The U.S. Centers for Disease Control and Prevention updated its diagnostic testing guidelines for the Zika virus on Tuesday, based on early data showing that it can be found at higher levels or last longer in urine than in blood.
The agency now recommends that its preferred diagnostic test, called Zika virus RT-PCR, be conducted on urine collected less than 14 days after the individual suspected of having the disease starts experiencing symptoms.
The test should be performed in conjunction with blood testing if the specimens are collected less than seven days after the onset of symptoms, the CDC said.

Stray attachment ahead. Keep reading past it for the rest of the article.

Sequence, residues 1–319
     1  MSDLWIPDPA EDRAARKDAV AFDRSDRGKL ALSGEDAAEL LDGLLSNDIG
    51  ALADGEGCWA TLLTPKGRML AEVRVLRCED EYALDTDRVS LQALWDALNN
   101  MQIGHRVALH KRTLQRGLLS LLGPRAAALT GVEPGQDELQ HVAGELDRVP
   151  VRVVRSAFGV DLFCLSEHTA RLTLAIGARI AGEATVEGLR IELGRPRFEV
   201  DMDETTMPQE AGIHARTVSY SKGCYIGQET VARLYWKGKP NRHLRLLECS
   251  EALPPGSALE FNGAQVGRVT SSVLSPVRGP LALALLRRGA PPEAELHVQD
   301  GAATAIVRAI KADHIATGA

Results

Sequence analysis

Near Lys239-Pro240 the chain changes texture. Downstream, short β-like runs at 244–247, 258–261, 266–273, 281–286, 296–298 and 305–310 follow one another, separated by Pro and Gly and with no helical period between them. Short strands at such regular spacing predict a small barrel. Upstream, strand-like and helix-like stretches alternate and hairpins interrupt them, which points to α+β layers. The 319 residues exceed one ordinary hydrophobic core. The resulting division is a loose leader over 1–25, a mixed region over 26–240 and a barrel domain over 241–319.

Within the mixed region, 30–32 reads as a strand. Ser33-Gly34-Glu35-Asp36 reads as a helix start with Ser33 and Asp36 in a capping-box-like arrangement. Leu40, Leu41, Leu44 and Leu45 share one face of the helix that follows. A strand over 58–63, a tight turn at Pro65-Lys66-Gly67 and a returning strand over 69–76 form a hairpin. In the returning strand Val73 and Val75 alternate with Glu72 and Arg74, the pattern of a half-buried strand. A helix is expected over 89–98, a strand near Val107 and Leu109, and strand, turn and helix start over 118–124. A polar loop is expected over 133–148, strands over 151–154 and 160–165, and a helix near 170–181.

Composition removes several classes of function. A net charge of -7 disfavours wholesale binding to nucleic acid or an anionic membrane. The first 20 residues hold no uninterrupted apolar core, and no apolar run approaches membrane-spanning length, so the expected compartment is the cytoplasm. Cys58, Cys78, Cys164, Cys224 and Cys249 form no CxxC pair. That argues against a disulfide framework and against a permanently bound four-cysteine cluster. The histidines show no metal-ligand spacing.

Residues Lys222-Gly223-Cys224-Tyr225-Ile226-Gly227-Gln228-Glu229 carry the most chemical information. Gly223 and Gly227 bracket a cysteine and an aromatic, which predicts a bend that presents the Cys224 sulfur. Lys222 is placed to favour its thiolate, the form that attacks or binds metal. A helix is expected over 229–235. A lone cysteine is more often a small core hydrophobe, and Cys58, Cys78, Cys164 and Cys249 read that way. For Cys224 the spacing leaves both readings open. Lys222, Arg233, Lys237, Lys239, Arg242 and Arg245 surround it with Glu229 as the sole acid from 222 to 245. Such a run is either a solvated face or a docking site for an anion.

A positive result in either case provides adequate evidence of infection, the agency said.
The CDC recommendations for Zika testing though blood and other procedures remain unchanged.
The World Health Organization (WHO) declared the Zika outbreak an international health emergency on Feb. 1.
The outbreak is affecting large parts of Latin America and the Caribbean, with Brazil the hardest hit so far.
U.S. health officials have concluded that Zika infections in pregnant women can cause microcephaly, a birth defect that can lead to severe developmental problems in babies. The virus is also linked to a host of other debilitating disorders.